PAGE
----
Turfed in the American Health Care Market.

Aug 13th, 2009 | By | Category: Medicine

The only good insurance customer is the healthy and irresponsible consumer–the prototypical healthy 30 year old who refuses to get a flu shot or annual checkup. Everyone else gets turfed.

Ah, turfed. Allow me to introduce you to one of the cherished terms of medical care in the United States. You turf difficult, or undesirable, patients to someone else. The insurance industry has succeeded, more than anything else, at transmitting this hatred and fear of sick people down to the lowliest depths of the health care system–from the mightiest administrator to the lowliest medical student.

People with easily treated maladies–high blood pressure, high cholesterol, high blood sugar and so on–go untreated (despite the huge potential long-term benefits from cheap therapy) because the entire health care system hates the ill with a deep and embittered passion.

Let’s think for a moment what the product of health insurance entails. For a fee, a company will pay your medical costs for a fixed period of time. These contracts are never lifetime–often they are annual. The multitude of insurance companies offering these contracts operate in a genuine market. Being efficient–successful–in such a market means figuring out any way to avoid providing healthcare costs, avoiding providing care. If you know you’ll only be writing a short-term contract, caring about long-term cost savings is a totally losing move.

The market has worked well: Insurance companies (for profit or non-profit) have proliferated a multitude of caps, fees, co-pays, deductibles and ‘preferred provider’ lists all oriented on reducing short term costs, regardless of consequence. The very concept of a “pre-existing condition” was generated to prevent sick people from becoming customers, and whole mechanisms have developed to kick people out of their contracts if they become ill. The better the market for health insurance works, the more these mechanisms become inevitable.

A big part of the proposed reforms floating around congress are attempts to subvert these market forces without fundamentally changing the nature of the market. Laws preventing exclusion based on pre-existing conditions or dropping people from plans due to illness seem like obvious ways to improve the situation. But the dynamic will remain, and the clever people at insurance companies will come up with new ways to turf those who need care that tip-toe right up to the new lines being drawn.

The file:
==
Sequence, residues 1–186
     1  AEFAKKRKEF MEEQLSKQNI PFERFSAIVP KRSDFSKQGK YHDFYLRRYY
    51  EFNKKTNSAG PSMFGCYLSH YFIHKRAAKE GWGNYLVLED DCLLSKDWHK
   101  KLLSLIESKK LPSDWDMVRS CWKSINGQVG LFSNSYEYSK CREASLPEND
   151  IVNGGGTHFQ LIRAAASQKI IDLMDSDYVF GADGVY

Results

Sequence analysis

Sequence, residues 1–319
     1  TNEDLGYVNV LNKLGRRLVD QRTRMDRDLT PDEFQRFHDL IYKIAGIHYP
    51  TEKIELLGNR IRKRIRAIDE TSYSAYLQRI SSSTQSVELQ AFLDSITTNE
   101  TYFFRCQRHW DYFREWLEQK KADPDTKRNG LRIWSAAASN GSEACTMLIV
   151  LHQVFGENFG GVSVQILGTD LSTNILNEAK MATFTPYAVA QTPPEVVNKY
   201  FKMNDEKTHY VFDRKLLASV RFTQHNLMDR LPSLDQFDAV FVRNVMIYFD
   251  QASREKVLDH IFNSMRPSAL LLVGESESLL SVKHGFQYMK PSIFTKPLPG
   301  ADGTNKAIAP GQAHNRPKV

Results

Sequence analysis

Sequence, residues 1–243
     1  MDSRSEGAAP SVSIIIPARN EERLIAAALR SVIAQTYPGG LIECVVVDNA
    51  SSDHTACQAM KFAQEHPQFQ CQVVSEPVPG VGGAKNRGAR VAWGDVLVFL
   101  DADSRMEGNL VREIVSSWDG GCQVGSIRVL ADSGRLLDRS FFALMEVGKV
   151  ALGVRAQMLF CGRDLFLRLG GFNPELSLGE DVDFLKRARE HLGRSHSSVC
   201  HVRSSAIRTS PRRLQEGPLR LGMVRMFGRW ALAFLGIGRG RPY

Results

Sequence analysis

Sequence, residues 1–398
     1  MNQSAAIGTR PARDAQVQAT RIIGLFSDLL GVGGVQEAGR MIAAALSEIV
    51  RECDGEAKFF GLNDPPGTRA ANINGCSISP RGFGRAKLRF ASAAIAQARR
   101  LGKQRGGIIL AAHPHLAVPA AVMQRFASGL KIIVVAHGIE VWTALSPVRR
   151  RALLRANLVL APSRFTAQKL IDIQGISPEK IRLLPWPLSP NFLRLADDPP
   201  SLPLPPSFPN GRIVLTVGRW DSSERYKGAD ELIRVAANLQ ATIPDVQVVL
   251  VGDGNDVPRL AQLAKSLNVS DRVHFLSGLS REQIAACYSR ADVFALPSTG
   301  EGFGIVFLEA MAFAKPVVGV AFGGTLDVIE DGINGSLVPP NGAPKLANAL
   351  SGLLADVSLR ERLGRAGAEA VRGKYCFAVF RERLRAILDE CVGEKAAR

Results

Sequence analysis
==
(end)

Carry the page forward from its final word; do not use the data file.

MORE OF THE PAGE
The great turf in the sky, right now, is Medicare. All of us, when we hit that magical age, become eligible. A public option, as proposed and under fire as a part of this reform, would probably end up serving a similar role: a government-chartered floor beneath which no American could fall. Stuck with these patients for the rest of their lives, suddenly the dynamic would change. Any clever administrator of a public option health plan would be tremendously motivated to provide preventative care; success of such a plan would be contingent on reducing long-term, not short-term, costs.

A model for such a plan already exists–the Veterans Affairs system. Patients in that socialized American health care system are demonstrably and objectively healthier than their privately insured compatriots in every measurable way.

Barring requiring private insurers to cover people for the rest of their lifetimes, there is no other way to achieve a similar focus on long-term health and cost-reduction than a public plan.